The Malta Independent 23 May 2019, Thursday

More people at risk of poverty, but fewer people severely poor

Wednesday, 1 August 2018, 09:14 Last update: about 11 months ago

A report published by the National Statistics Office titled ‘The European Statistics on Income and Living Conditions’ shows that 19.2% of the population is at risk of poverty or social exclusion (AROPE) in 2017, a decrease of 0.9% on the previous year’s figures, but that the at risk of poverty rate (ARP) had marginally increased by 0.3% up to 16.8%.

The AROPE rate corresponds to the proportion of persons who fall within at least one of three categories, these categories being those whose equivalised income falls below the at risk of poverty threshold, those who live in severely materially deprived private households and persons aged 0 to 59 who live in private households with very low work intensity.

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The ARP rate meanwhile relates to just one of these categories, encapsulating only those whose equivalised income falls below the at risk threshold.

The 19.2% of the population that falls under the AROPE rates is equivalent to 82,652 people, the report states.  Furthermore, the same report points out that the 0.9% total decrease in this figure had come solely because the risk of poverty or social exclusion rate had decreased in men.  In fact whilst in 2016 the rate of men at risk of poverty or social exclusion stood at 20%, but in 2017 it had decreased to 18.3%.  The rate of women at risk of poverty or social exclusion however remained exactly the same between 2016 and 2017; at 20.1%.

The report, which used a sample of almost 4,500 households, found that the household type that remains most at risk of poverty or social exclusion was that made up of a single parent and one or more dependent children, with a rate of 50.2%.

In terms of geography, the southern harbour area was the area with the highest AROPE rate standing at 26.9% followed by the northern area at 20.1%. The lowest AROPE rate was recorded in the western area and stood at 15%.

Prime Minister Joseph Muscat showed satisfaction at the total AROPE figure, saying in a tweet that this was the 19.2% figure was the lowest rate that Malta had ever seen, describing the decrease as “prosperity with a purpose”.

There was meanwhile a marginal increase in the at risk of poverty (ARP) rate of 0.3%, taking it up to 16.8%, which is the equivalent of 72,143 people.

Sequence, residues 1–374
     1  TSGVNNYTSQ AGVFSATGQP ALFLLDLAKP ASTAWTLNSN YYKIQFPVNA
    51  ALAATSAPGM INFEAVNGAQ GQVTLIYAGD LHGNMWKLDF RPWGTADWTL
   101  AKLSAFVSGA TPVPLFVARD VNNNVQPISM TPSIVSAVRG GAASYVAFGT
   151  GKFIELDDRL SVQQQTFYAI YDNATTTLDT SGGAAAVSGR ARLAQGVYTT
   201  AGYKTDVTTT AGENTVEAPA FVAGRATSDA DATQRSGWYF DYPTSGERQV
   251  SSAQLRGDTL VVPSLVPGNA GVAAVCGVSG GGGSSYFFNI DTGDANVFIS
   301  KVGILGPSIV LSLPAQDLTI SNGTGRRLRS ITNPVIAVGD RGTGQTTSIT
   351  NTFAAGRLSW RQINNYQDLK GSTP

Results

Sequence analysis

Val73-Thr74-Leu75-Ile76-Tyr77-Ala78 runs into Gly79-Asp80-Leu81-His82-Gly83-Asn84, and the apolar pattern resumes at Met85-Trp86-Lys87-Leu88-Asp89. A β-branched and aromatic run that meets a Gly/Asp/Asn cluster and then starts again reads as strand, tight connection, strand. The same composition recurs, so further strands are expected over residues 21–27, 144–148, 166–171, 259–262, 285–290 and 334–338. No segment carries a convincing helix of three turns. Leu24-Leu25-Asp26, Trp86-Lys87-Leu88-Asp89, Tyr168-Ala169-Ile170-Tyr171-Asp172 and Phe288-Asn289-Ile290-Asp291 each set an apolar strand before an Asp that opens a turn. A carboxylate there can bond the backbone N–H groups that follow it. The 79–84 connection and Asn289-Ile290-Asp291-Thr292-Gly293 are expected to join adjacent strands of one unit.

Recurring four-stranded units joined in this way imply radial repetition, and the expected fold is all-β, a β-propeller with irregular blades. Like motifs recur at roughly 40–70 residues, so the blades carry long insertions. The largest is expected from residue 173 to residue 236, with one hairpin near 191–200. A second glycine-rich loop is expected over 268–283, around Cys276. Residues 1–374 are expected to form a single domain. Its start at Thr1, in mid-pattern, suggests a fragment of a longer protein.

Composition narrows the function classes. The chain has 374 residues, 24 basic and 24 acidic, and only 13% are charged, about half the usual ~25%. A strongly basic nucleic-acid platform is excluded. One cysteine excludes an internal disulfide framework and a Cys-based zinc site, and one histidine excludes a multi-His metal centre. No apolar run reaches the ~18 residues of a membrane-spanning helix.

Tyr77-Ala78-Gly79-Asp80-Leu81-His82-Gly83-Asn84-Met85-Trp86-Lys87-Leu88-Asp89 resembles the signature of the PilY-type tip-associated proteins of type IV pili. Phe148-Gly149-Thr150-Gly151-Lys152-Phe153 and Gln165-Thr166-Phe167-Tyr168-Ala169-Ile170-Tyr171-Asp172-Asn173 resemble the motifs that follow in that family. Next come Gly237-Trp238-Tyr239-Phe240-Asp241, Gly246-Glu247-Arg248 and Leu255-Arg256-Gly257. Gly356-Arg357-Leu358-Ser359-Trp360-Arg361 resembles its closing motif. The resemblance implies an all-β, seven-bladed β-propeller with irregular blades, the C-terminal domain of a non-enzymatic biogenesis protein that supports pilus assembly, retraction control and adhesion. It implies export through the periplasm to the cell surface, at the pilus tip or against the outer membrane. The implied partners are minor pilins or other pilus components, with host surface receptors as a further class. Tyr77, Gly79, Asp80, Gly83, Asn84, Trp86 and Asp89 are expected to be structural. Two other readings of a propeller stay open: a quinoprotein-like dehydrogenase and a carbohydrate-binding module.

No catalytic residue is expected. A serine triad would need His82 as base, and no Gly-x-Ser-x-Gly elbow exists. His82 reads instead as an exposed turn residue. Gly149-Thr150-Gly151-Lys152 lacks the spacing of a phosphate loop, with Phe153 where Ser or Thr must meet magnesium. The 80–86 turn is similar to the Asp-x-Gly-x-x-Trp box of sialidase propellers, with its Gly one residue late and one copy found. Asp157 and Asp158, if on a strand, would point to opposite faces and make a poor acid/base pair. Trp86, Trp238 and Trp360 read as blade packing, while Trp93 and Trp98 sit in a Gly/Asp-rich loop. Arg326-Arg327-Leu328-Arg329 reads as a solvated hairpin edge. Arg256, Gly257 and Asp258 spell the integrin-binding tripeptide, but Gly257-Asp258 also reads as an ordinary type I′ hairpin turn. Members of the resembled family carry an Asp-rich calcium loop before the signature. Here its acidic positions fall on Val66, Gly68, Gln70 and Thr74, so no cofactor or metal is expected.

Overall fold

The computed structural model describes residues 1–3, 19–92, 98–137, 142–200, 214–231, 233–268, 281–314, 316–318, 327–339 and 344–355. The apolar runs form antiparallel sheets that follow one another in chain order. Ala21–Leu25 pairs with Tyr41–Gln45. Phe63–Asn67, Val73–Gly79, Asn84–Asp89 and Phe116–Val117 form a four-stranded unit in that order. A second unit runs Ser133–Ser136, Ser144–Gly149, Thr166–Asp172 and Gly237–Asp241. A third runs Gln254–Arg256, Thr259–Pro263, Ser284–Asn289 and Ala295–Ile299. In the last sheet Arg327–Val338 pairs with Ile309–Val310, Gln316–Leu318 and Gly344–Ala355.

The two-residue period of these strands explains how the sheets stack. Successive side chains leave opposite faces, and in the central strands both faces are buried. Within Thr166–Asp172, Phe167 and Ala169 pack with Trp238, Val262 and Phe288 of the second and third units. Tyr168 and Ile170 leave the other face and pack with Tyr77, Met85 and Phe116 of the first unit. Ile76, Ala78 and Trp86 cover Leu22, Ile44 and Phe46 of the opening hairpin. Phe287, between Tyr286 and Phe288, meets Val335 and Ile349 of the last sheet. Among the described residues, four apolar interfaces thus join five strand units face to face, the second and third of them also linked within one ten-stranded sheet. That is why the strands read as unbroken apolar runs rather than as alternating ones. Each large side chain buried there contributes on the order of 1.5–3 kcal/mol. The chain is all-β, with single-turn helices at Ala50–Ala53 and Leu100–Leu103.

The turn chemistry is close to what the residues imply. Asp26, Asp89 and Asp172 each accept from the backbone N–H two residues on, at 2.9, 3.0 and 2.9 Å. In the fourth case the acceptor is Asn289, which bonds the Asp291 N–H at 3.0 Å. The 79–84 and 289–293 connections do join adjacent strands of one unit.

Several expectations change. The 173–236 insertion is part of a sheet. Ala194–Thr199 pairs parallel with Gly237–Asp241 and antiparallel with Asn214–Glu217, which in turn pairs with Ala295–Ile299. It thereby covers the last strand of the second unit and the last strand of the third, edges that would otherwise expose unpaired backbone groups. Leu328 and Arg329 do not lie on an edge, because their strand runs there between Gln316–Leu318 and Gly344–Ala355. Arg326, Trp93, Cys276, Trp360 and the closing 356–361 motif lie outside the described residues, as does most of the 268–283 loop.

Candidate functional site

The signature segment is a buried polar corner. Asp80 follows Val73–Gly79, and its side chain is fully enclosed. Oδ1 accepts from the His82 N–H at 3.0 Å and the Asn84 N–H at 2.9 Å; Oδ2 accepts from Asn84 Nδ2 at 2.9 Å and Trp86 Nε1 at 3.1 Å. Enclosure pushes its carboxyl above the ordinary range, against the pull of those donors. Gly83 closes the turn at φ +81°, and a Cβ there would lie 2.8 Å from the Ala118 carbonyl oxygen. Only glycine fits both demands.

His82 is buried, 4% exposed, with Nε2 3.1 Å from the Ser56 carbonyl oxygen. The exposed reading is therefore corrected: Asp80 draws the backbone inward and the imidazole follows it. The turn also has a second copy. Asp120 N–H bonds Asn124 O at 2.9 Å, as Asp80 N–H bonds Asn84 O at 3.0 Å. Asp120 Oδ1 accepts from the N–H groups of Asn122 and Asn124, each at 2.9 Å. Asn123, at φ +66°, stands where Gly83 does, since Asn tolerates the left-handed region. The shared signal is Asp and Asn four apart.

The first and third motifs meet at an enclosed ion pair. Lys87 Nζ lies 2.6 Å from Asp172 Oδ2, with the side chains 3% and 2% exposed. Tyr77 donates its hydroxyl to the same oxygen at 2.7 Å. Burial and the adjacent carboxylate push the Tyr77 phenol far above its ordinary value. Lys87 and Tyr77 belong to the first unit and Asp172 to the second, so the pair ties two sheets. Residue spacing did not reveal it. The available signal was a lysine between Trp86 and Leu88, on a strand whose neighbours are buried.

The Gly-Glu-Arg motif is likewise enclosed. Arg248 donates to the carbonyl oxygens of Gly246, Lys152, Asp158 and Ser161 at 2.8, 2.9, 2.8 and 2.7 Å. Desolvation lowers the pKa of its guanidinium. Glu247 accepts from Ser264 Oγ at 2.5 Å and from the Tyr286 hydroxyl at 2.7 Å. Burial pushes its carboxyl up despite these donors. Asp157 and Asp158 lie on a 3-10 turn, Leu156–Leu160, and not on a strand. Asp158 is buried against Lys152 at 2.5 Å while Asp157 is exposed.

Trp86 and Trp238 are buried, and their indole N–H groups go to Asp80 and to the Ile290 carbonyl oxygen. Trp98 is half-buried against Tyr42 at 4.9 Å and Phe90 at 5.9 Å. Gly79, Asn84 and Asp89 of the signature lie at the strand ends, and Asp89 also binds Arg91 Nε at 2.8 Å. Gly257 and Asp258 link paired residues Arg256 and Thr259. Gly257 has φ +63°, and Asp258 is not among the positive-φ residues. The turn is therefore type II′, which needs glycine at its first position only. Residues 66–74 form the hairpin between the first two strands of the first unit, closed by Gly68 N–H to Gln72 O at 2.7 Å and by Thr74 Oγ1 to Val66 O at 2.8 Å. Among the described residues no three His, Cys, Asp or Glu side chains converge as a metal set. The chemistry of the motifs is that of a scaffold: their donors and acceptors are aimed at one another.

Notably, there was a 0.8% increase in this rate when taking only the over 65 years of age bracket. Also worth mentioning is that whilst the ARP rate for men had decreased by 0.2%, it had increased for women by 0.9%.

The trends noted in terms of household types and geography were very similar to those noted in the AROPE rate; with households made up of a single parent and one or more dependent children and the southern harbour area respectively both being the most susceptible to the risk of poverty.

The study does not take into account just monetary income, but it also employs material deprivation indicators to reach its conclusions.  To do this, the researchers pose various questions to respondents, asking for instance whether the family could afford an annual week-long family holiday, whether they could afford unexpected financial expenses, whether they could afford a car, whether they could afford a meal with meat, chicken or vegetarian equivalents every second day and whether they were in arrears on expenses such as rental payments.

In this sense, the report found that there was a decrease in households which materially deprived, and severely materially deprived.  Indeed, materially deprived households (defined as those who could not afford three out of the nine expenses mentioned) had decreased by 2.3% from 10.3% to 8%; whilst severely materially deprived households (defined as those who could not afford four out of the nine expenses mentioned) had decreased by 1.1% from 4.4% to 3.3%.

The European Statistics on Income and Living Conditions report is an annual undertaking compiled by the National Statistics Office.

 

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